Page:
“I’m dead, aren’t I?”
“You’ve fallen a hundred and thirty feet. You tell me.”
So, when last we left off, Anura (Hark’s Paladin) and Svinish Ingmov (Erin’s Cleric/Thief) were parked in Strahd’s dining room and had flung abuse (and a chicken leg) at the “it’s all done with mirrors” Strahd, provoking his ire and pitching all things into stormy darkness. Unbeknownst to them, the spectre of the powerful evil cleric from the Chapel was still active, and would return after five hours to deliver its deadly screech at an inopportune moment.
They pressed on, huddled in the Continual Light from Svinish’s enchanted garlic clove, and Anura found the fake organ pipe that led into the passage around the outside wall. (Incidentally, the rather uninspiring “there is a secret door here” required a certain amount of dressing up – I would have preferred this to be more detailed since, again, if I’m lazy enough to run a module I’m lazy enough to not make up my own secret door mechanisms.)
Five Strahd Zombies awaited them in the tower floor at the far end; Anura successfully Turned them into hiding long enough for the party to proceed around the corner and fight a rearguard action. The zombies were overcome in a rather cramped combat where Anura took something of a beating and Ismar was guided to step in and finish things off. The Strahd zombies’ dismembered body parts were a nice touch, and much was made of severed hands, orphaned legs and slithering viscera; this really seemed to have some impact on Erin, who made eliminating these atrocities something of a priority in Svinish’s turns.
(At this level, combats feel like they take too long, with high HP totals being thwapped to and fro. Descriptive fatigue began to set in and after the fourth or so go, the turns were boiling down to “I roll to hit, I roll damage” in an effort to get this random encounter out of the way. Part of it, as Erin noted in our after-action review, was the number of cramped corridor fights; one feels like the fights should be happening in places like Strahd’s dining room where there’s more scenery to play off. I don’t know if this is a weakness of my bad self as a DM, if I should be putting more interactables in corridors a la Diablo III where walls can be crashed down and dubious-quality floors broken in, but again, that feels like work that a module should be doing in and of itself… am I missing the point of modules entirely or something?)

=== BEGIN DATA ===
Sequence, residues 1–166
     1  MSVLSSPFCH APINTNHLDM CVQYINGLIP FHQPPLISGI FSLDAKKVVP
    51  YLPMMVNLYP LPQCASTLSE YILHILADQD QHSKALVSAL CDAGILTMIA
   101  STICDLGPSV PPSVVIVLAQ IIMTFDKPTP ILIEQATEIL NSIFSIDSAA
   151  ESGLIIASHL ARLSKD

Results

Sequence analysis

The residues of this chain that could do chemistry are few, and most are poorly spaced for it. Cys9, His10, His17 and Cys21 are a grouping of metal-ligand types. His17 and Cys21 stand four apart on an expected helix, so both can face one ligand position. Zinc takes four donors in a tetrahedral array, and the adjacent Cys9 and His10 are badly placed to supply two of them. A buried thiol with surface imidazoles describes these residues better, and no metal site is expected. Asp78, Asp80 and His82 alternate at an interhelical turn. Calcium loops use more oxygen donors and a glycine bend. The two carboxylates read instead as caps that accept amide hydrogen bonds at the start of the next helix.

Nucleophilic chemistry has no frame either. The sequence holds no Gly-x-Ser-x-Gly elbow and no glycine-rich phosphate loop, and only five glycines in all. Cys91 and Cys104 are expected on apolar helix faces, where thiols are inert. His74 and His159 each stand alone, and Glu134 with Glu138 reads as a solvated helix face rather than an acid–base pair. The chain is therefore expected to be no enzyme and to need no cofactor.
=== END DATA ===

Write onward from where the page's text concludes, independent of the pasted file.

The party ascended the staircase on the bottom right corner of the dining room and found themselves on the ramparts, breaking into Strahd’s cloakroom when they found the window thereto and making a big damn deal out of setting light to his cloaks and evening dress (presumably because they found him to be an insufferable poseur). When they proceeded through to Strahd’s boudoir they found Gertrude, snapped her out of her fairytale illusions with Svinish’s claim that “you think you’re the first? Eighteen other girls, babe, eighteen other girls” making her decide that she didn’t want to be in Bluebeard, and demanded that she lead them to the study, i.e. the room next door, i.e. the room where Strahd himself was lurking, invisible and aloft, alerted by the crashing of windows, the smell of smoke from his dressing room, and the noise of Svinish being oratorical.
This wasn’t the easiest thing for me to administer, since Strahd had Svinish Charmed and his stated objective was to capture Ireena, who was being kept safe in the middle of the party. In the end I had him drop onto the top of them as they entered the room proper, and abuse the surprise round and his superior vampire speed to yank her into the ‘Miss Havisham’ dining room next door, Hold Portal on the door and leave them giving chase the long way round, finding the steel door leading to the back stairs up to the next level Held by the time they got there.